Owners want non-family business leaders to behave like owners, and so they give them shares. Trying to align incentives is right, and families certainly want to reward executives when the business does well. But the family needs to exercise extreme caution when giving shares outside the business-owning family.
Some businesses are family owned, but not run by members of the family. So, how do you make such non-family key employees act like they are owners? Give them skin in the game.
The most common form of "skin" in the game is company stock. Done right, this approach can be a win-win for all parties involved. That said, great caution is due; beware, as described in a recent WealthManagement.com article titled "The Tyranny of Minority Shareholders."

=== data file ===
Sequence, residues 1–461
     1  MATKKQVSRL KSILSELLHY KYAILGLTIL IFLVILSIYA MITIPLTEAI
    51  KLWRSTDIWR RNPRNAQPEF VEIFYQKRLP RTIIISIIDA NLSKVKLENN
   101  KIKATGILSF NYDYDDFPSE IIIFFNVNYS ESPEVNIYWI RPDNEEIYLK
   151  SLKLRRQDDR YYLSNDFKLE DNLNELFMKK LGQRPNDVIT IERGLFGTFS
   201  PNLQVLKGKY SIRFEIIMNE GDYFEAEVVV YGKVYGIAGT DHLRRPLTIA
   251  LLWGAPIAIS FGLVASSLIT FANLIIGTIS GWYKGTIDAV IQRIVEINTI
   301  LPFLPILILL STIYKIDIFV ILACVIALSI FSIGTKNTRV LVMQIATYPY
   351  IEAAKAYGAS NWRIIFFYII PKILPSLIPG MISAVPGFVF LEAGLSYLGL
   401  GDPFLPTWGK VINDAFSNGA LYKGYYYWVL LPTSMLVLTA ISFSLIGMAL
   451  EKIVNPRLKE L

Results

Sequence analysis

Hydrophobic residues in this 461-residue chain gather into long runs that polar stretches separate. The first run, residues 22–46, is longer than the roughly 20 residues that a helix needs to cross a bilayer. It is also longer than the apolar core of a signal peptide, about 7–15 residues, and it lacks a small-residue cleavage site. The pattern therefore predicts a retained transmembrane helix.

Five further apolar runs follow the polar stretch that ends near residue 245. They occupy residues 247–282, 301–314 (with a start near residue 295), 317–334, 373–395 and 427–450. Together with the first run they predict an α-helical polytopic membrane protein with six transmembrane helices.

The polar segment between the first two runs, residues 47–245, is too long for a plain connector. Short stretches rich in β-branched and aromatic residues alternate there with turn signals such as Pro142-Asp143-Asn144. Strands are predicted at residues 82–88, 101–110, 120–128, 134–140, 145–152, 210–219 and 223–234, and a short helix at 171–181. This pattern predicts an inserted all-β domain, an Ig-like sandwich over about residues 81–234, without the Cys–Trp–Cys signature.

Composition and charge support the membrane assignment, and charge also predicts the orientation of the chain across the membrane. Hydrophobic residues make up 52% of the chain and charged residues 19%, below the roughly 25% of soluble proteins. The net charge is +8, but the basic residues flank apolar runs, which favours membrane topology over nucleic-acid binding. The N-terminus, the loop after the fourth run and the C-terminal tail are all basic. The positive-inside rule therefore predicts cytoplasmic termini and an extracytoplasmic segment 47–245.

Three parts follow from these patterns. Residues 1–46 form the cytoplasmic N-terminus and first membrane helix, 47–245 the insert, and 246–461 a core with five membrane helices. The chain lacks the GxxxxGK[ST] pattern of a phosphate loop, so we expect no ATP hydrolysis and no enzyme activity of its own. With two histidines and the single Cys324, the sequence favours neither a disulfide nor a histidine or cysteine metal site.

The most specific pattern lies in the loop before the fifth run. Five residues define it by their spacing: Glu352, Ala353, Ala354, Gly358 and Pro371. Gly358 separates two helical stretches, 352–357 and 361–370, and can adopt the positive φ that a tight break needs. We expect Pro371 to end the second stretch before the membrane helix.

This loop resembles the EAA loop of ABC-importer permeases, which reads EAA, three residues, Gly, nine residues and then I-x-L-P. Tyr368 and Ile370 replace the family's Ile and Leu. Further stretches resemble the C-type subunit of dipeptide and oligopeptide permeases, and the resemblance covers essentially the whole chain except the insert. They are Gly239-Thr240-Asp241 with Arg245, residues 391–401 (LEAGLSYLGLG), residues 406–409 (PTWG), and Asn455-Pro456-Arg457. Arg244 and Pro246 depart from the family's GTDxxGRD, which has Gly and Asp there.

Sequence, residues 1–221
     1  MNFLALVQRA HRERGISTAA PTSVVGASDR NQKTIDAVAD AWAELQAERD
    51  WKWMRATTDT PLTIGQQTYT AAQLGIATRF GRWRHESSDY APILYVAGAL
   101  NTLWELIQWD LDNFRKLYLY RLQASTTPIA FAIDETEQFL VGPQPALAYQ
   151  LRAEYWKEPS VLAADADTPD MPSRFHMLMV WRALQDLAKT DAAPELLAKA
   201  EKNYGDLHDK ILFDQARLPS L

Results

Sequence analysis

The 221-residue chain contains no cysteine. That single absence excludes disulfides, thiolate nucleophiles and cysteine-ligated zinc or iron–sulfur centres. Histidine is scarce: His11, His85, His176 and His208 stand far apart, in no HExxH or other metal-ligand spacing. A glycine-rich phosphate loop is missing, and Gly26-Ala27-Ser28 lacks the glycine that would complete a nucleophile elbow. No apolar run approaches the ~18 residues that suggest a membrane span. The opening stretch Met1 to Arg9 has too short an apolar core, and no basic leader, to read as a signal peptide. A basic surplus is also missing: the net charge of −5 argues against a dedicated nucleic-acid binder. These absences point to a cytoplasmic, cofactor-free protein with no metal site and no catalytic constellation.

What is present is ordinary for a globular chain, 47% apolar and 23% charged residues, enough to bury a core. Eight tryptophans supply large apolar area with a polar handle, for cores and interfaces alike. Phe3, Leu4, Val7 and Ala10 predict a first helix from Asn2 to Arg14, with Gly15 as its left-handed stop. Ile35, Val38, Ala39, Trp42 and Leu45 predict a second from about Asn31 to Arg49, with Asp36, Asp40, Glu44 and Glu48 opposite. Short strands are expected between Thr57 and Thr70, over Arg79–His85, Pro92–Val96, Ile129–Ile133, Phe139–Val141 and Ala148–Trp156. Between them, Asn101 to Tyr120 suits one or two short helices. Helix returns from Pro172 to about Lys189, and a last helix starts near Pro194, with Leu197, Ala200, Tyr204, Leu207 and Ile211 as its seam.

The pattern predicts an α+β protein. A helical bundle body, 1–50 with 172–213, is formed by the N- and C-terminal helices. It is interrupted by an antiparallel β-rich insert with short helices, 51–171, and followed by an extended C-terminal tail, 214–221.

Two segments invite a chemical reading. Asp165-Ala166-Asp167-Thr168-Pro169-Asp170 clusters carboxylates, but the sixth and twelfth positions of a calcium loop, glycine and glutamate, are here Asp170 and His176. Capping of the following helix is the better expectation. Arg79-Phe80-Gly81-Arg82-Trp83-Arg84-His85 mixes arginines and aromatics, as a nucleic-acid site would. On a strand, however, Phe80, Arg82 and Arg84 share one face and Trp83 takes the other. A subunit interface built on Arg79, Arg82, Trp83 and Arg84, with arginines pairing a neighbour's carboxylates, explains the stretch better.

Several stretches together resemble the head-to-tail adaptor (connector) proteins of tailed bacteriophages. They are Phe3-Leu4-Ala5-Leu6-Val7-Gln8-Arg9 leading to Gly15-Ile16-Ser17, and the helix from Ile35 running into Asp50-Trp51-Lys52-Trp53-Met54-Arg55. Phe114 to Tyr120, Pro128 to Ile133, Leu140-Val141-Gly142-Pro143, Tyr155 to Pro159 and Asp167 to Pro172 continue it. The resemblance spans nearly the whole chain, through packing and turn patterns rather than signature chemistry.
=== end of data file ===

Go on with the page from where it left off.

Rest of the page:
Structuring your family business for the future is not an easy task. What of value in life is? While each company and family is different, making a key employee a part owner certainly can give them added incentive to run things when the family cannot or will not.
On the downside, you can create tension between the family owners and the key employee turned minority shareholder. For example, conflicts can arise should the majority owners (i.e., the family members) take actions in their own self-interests without considering the concerns of the minority owners (i.e., non-family members). In some cases, a minority shareholder can be protected by state and federal laws as in the case discussed in the original article regarding the Empire State Building IPO.
Even if you do not own an international landmark, there are many ways you, your family, your non-family executives, and, yes, your business, can find a happy medium. However, it takes time and qualified counsel to structure things correctly.